This morning I opened up the La Prensa newspaper here in San Salvador to find some very sobering statistics. The official statistics about the homicides of 2010 have been released.
The statistics are sobering.
To give you an idea of the problem with violence in El Salvador, here are a few things to consider:
There were 4, 005 murders last year in El Salvador.
In a country of nearly 7 million, there are 64.7 homicides for every 100,000 people. That’s a higher murder rate than Colombia, than Venezuela, and even higher than Mexico which has been in the news quite a lot lately concerning the violent crime that is present there.
An overwhelming number of those who are murdered are men. Young men. Men between the ages of 15 and 24.
Why are so many young men killing each other? There are many reasons that contribute. One of the big contributers is the gang culture here. Many young men come from families that are falling apart, that have no father figure, no role model, and no sense of belonging. So they find meaning and purpose and family in a life of violent crime. Many of the young men that we work with are on the path to this kind of violent, dangerous, and very deadly lifestyle.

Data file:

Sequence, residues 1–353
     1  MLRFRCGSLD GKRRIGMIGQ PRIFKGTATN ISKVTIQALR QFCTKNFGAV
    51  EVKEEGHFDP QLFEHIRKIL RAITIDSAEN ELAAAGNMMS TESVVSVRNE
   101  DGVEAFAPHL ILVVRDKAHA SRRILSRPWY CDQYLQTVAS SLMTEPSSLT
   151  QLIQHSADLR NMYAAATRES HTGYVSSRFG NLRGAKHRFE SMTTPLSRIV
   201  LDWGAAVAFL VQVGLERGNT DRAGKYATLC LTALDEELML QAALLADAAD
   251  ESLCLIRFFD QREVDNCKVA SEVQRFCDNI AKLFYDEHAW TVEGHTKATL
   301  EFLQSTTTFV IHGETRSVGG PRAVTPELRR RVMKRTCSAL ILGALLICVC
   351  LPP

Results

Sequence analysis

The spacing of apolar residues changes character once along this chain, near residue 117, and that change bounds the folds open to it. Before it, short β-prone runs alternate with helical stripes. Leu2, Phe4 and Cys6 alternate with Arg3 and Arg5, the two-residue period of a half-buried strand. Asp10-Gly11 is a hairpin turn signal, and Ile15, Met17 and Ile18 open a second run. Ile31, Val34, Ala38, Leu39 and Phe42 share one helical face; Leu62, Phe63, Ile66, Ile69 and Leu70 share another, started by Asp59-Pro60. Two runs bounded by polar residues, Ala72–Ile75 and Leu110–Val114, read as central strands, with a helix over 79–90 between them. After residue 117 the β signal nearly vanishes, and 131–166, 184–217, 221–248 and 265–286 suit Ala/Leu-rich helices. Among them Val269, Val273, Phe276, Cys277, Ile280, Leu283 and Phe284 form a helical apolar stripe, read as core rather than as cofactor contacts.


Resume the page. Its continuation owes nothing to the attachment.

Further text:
God has put a burden on our hearts to love the fatherless, to serve them, and to offer them hope. Hope that doesn’t include life in a gang, hope that doesn’t include a violent lifestyle. We want to offer them more. We want to offer them Jesus, the Prince of Peace Himself. We also want to meet the needs they have physically, emotionally, and educationally. We want to be part of God’s plan for a real future for them.
Another thing that really burdened me as I read this article is that teenagers and young adults are not only being murdered in San Salvador, but in cities all over Latin America, Asia, Africa, and across the United States too. God has called us to this city…to respond to the cry that is here. But there are people of God who live in or near urban centers just like this all across the world. And there are people in those cities who are dying, who need help, and who need hope.
What if all of us who were followers of Christ did a little more for those fatherless around us? Those hopeless around us? I know it’s tough. I know it’s messy, and frustrating, and at times seems pointless. I know that. We have felt the frustration, the discouragement, and the feeling of being overwhelmed.
But we serve a God who is bigger than depressing news stories, and more powerful than sobering statistics. We serve a God who is in the business of transforming lives. And I am so very grateful that he chose to include me and my family in His plan for bringing transformation to San Salvador.
For all my Spanish-speaking friends, you can read the La Prensa article by clicking on this link: http://www.laprensagrafica.com/el-salvador/judicial.html